Hey @joshtemple - we use testing in a few different capacities.
- During development
When creating or modifying a table, I like to add tests for some invariants, like the uniqueness or non-nullness of a given column. This helps me gain confidence that the code which I am writing works as intended. @kriselle makes a great point about TDD above too. For well-defined models, I like to write my tests first, then build a model around the tests. This flow helps reduce the friction around merging PRs… more on that below.
- During PRs
We’ve built build-on-PR functionality into sinter. Whenever a Pull Request is made against our internal-analytics repo, Sinter will kick off a full run & test of our dbt project in a scratch schema. If any of the models or tests fail, then Sinter puts a big red X on the Pull Request. If everything works as intended, then Sinter shows a nice green check mark. The contextualized test success/failures help guide code review, and acts as a last check before code gets merged into production. In practice, it looks like this:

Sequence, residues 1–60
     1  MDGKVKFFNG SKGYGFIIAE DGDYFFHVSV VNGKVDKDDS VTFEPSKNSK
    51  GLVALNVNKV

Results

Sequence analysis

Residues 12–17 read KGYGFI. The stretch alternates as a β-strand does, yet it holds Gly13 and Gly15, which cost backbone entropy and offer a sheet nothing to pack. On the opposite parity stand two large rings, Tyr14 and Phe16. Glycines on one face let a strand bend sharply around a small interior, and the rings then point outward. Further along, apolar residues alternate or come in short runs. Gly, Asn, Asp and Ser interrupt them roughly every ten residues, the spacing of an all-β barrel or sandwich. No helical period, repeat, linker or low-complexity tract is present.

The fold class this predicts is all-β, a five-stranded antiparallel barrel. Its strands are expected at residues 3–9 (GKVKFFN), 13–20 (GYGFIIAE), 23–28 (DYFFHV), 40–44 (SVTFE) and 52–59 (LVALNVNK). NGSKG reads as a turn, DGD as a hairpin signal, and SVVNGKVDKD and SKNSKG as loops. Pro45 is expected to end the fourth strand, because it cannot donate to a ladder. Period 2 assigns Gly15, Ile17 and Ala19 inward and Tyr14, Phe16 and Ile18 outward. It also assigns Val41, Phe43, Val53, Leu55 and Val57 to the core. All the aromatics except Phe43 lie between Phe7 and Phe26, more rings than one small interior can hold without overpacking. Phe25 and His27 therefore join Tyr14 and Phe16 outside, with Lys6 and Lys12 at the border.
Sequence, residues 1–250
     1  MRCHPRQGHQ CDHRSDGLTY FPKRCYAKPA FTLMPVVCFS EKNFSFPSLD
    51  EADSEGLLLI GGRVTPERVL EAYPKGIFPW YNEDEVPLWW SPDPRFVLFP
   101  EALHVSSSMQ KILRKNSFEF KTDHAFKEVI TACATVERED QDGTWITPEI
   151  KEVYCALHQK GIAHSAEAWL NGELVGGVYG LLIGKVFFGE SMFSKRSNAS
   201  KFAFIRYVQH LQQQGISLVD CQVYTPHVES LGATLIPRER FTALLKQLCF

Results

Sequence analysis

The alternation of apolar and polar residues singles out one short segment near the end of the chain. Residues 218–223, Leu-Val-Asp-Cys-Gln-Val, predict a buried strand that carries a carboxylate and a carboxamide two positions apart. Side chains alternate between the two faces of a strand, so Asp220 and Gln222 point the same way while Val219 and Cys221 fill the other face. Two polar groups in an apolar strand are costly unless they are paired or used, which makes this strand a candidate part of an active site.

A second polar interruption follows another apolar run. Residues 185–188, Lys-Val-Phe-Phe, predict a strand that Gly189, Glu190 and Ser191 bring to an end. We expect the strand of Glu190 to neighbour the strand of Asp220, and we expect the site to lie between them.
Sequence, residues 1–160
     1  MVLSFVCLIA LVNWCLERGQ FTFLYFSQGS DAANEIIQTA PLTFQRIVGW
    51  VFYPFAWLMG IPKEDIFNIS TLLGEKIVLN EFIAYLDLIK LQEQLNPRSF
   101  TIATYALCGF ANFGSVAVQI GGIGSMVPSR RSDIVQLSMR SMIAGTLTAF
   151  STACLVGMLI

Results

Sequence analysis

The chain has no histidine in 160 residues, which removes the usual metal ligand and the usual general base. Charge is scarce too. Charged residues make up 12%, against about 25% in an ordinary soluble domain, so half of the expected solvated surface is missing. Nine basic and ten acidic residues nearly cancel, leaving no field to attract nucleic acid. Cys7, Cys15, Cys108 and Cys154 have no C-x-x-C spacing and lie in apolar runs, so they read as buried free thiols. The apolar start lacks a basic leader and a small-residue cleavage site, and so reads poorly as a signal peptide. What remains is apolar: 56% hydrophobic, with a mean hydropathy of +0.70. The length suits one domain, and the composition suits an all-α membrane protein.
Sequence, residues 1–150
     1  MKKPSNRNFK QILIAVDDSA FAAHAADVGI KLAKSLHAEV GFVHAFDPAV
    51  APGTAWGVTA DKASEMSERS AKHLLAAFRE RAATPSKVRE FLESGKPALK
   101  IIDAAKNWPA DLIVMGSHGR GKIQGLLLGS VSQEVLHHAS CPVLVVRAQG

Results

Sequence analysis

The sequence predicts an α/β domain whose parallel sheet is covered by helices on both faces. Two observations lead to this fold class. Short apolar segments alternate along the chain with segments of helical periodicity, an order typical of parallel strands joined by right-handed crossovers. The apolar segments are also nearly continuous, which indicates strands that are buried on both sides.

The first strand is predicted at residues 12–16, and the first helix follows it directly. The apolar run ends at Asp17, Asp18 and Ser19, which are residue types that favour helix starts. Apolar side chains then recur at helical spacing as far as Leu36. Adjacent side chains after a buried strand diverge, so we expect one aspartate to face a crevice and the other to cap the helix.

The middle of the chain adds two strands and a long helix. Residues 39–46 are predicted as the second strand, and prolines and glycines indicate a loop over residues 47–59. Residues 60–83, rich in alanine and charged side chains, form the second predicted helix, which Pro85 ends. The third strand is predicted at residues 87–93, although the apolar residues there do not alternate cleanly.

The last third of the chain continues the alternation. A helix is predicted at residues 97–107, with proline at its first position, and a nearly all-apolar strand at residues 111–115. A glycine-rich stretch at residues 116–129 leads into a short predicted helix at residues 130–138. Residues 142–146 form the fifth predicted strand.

- In production
We also use Sinter to run our models on a scheduled basis. A typical deployment of dbt includes running:
So, after every invocation of
dbt run, we also run all of the tests in the project. If any of these steps fail, we get email notifications from Sinter. This helps alerts us when bad/invalid data has arrived from a data source, or when some logic in a model doesn’t hold up over time.
There’s lots more to say about testing, deployment, CI, etc. I know many dbt users are doing pretty interesting/complex things. You should cross-post this to #general in Slack